Although it may be good television, I think it’s rather sad witnessing the downfall of a superstar. Seeing Mel Gibson go off in tirades about his wife and Jews, watching the cast of this year’s Celebrity Apprentice verbally abusing each other, and most recently, Charlie Sheen’s gibberish infused rants about “tiger blood” and “winning” while his whole life seems to be crumbling around him. The transformation from an A-list actor to a psychotic slam poet is shocking, but why does it make for good television? Since Charlie Sheen’s no holds barred media blitz he has developed an unprecedented following on Twitter and Facebook. More than 1,000,000 followers on Twitter in less than a week. Reputable companies like Red Cross are now piggy backing off the tidal wave of key words that have become popular since Sheen’s bungee jump off the deep end of sanity. Dave Letterman even named a sandwich after the fallen actor, the Tuna Meltdown. America is fascinated with a superstar’s downfall because it makes normal people feel better about themselves. Will I have the success Michael Jackson had? Hell no! His life seemed to be unachievable, until he was accused of molesting children – then his life became the same as those parishioners in Philadelphia who were quietly asked to step down from their coveted positions two days before Ash Wednesday. People couldn’t stop talking about Britney Spears when she was a bald headed psycho girl slamming umbrellas into car windshields because K Fed wouldn’t let her in the house, but now that she got her groove (and career) back those perfume and clothing companies are thrilled to have her face plastered all over their products.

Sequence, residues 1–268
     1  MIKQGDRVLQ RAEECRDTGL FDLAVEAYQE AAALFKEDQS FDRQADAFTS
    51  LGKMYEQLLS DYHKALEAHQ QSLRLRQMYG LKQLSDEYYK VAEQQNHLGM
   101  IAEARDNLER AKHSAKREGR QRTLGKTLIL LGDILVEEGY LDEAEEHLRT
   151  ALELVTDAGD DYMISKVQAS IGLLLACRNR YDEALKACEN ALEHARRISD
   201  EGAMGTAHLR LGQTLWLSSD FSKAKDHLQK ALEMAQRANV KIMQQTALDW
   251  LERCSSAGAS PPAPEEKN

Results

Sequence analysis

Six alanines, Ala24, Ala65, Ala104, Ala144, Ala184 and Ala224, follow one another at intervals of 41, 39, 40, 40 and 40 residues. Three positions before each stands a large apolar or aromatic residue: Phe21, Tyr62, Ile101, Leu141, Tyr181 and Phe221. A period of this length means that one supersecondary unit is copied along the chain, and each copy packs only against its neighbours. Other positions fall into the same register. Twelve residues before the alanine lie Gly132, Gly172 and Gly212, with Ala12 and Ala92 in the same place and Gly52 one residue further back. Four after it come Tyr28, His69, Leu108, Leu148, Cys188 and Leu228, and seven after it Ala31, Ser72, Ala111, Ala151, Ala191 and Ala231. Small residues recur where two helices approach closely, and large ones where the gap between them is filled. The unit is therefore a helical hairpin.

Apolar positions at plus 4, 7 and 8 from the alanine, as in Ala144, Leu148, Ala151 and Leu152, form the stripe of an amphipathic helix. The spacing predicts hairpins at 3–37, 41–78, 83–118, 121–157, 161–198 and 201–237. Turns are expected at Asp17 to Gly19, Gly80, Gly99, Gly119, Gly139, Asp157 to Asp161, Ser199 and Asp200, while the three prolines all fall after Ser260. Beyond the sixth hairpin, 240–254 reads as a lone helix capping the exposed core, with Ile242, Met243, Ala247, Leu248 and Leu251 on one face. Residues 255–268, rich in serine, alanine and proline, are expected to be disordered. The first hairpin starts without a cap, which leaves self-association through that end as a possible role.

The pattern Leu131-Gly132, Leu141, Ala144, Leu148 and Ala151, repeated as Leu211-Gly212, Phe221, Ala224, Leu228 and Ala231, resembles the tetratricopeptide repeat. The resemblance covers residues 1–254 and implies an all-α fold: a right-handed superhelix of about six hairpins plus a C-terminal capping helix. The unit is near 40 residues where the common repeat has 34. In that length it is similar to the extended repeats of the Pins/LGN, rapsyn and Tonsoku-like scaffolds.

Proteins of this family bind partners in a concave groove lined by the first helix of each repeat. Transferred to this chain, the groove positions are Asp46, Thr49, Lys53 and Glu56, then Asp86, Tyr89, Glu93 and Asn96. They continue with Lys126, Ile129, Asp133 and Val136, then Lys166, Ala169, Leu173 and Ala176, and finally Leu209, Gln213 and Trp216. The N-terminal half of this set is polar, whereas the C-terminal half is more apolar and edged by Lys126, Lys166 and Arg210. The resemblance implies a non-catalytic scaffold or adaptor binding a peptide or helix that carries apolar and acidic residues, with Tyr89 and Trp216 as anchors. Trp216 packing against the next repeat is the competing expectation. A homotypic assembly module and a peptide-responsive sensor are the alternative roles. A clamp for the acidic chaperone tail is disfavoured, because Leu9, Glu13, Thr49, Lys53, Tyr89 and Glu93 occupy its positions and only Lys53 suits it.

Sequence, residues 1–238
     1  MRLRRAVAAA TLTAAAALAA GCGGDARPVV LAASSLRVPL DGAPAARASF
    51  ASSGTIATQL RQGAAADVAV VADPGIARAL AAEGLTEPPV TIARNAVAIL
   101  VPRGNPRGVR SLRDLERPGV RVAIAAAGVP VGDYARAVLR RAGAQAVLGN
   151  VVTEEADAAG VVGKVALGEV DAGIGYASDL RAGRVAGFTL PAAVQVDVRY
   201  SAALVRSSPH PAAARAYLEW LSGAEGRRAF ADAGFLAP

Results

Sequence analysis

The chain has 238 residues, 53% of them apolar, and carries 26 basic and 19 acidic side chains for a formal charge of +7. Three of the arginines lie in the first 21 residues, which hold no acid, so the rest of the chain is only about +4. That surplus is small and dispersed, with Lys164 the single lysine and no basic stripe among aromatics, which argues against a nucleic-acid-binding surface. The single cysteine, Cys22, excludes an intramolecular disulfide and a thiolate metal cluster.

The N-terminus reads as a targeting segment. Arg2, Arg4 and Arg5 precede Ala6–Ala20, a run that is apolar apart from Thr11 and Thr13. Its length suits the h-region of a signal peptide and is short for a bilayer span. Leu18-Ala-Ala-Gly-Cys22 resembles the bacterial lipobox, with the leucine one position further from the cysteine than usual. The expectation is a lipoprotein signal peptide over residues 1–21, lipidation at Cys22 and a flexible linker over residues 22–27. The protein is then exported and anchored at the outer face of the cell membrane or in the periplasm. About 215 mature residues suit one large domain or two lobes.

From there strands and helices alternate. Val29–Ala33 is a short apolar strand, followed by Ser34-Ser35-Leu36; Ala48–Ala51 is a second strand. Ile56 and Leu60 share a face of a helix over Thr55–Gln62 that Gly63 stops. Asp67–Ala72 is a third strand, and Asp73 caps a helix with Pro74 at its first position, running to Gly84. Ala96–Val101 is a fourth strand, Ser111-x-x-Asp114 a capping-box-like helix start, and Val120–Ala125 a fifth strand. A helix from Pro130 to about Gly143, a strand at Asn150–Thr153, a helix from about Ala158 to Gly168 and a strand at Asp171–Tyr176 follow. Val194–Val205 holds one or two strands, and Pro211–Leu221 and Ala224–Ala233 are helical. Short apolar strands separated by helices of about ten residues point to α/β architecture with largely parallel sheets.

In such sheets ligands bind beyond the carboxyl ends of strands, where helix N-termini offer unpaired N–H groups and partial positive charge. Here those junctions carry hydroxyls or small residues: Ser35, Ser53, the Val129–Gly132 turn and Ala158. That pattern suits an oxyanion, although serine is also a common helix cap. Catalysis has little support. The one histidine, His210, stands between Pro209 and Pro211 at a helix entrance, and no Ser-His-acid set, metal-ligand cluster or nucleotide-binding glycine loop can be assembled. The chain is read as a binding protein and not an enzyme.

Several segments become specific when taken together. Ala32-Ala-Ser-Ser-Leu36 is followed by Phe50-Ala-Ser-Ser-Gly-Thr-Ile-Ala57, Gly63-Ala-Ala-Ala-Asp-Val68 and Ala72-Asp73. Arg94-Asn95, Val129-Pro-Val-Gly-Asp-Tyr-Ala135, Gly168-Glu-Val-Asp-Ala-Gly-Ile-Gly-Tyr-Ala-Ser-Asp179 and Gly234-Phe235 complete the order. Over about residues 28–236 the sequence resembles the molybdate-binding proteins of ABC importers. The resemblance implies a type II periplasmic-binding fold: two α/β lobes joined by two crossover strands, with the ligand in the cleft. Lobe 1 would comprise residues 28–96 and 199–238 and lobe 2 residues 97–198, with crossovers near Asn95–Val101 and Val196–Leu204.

Shows like TMZ and Rader Online thrive on the self destruction of superstars, and that is because society loves to see a shooting star burn out and supernova itself back down to reality. This makes these seemingly untouchable people with fantasy lives more like you or I. Just imagine if Brad Pitt, George Clooney, or any other cast members from the Oceans 11 movies went off the deep end. They would become fodder for late night television hosts like Conan, Jay, and Dave. I’m not writing this post to chastise people for paying attention to this kind of television. I always watch The Insider and Entertainment Tonight to hear the latest gossip myself, but I can’t help wondering why I’m drawn to this type of news. In Charlie Sheen’s case, maybe it’s because I’ve always been a fan of his work, and seeing him with capped teeth and frazzled hair waving a machete on top of Live Nation’s building in L.A. exemplifies how fame can build you up just to tear you down. Sheen’s story can go one of two ways: The Robert Downey Jr. path where he get rehabilitated, goes on to make many more movies, and once again finds success or the Michael Jackson route where he overdoses and shocks the world with his loss. I personally would like to see Sheen get his life in order, but unfortunately that wouldn’t be good television unless he was on Celebrity Rehab with Dr. Drew.